Core Memory Block, Air Traffic Control Computer, IBM 9020
This is a core memory unit from an IBM 9020 computer. It stored data in a three-dimensional array of donut-shaped "cores" of magnetic material. Each core stored a binary number one or zero, depending on the direction of its magnetization.
The IBM 9020 was a large, mainframe computer configured for real-time operation and programmed to handle en-route air traffic control functions at about two dozen centers across the continental United States. The 9020 consisted of three standard commercial mainframes, the IBM System/360 Model 50. All three ran in tandem to ensure high reliability. Unlike standard IBM mainframes of the day, the 9020 was programmed to operate in "real time": that is, to compute and generate results as fast as or faster than data were fed into it.
A full system consisted of this computer coupled to air traffic controllers' consoles, with data fed into the system from long-range radar and other ground stations. IBM 9020s were in use at en-route centers from about 1967 through 1997. This system was used at the FAA en-route center in Leesburg, VA.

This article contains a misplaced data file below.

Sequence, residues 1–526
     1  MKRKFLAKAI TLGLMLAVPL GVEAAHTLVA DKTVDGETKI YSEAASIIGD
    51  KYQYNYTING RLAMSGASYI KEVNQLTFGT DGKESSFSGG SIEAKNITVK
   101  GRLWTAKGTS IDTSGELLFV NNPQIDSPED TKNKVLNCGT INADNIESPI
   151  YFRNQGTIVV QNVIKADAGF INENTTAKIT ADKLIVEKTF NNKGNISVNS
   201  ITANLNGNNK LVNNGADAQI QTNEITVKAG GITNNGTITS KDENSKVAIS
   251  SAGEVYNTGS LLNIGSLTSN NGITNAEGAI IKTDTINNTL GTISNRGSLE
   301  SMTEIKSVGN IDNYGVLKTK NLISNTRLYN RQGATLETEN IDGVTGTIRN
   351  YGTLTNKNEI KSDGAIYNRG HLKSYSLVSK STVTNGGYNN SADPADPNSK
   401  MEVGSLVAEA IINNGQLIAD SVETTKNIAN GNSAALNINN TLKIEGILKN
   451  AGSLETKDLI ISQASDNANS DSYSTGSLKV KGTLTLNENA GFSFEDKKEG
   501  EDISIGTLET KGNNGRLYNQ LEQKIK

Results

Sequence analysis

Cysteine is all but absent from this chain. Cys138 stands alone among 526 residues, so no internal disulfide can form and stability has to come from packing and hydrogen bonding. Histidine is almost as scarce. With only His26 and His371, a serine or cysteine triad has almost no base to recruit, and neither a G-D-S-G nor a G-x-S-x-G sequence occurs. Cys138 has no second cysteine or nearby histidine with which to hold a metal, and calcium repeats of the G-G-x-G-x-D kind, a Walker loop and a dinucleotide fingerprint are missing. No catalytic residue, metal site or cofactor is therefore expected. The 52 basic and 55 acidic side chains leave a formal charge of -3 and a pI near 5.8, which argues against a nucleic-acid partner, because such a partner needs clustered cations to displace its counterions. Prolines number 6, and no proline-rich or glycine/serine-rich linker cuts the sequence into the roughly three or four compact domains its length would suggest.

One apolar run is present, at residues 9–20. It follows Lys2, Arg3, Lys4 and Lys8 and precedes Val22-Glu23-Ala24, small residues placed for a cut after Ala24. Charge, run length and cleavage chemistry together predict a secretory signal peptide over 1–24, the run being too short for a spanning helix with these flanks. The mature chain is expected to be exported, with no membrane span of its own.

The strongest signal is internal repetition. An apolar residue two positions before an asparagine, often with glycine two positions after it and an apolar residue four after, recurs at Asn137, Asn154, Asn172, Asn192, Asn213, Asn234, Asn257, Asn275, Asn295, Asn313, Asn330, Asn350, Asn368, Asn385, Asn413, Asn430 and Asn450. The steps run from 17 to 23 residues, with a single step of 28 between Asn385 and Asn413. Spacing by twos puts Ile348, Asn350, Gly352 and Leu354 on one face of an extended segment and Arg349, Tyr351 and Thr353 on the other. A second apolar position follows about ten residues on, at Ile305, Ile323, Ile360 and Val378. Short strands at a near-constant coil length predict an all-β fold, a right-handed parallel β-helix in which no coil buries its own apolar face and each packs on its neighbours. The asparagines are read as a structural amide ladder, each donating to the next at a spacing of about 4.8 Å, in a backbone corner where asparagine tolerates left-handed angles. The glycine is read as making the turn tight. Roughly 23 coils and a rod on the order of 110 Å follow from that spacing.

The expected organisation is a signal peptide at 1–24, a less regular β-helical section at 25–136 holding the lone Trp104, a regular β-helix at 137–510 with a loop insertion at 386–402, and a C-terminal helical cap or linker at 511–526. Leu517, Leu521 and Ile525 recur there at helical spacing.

Transferred from the Federal Aviation Administration
- Country of Origin
- United States of America
- IBM Corporation
- INSTRUMENTS-Computers, General Purpose
- Plastic, Foam, Gold Plating, Steel, Phenolic Resin, Paper, Adhesive, Paint, Nylon, Mylar (Polyester), Aluminum, Acrylic (Plexiglas), Synthetic Fabric
- 3-D: 33 x 20.3 x 20.3cm (13 x 8 x 8 in.)
- Storage (Aluminum pallet and frame with fabric dust cover): 1232.5 × 121.9 × 109.2cm, 140.6kg (40 ft. 5 1/4 in. × 48 in. × 43 in., 310lb.)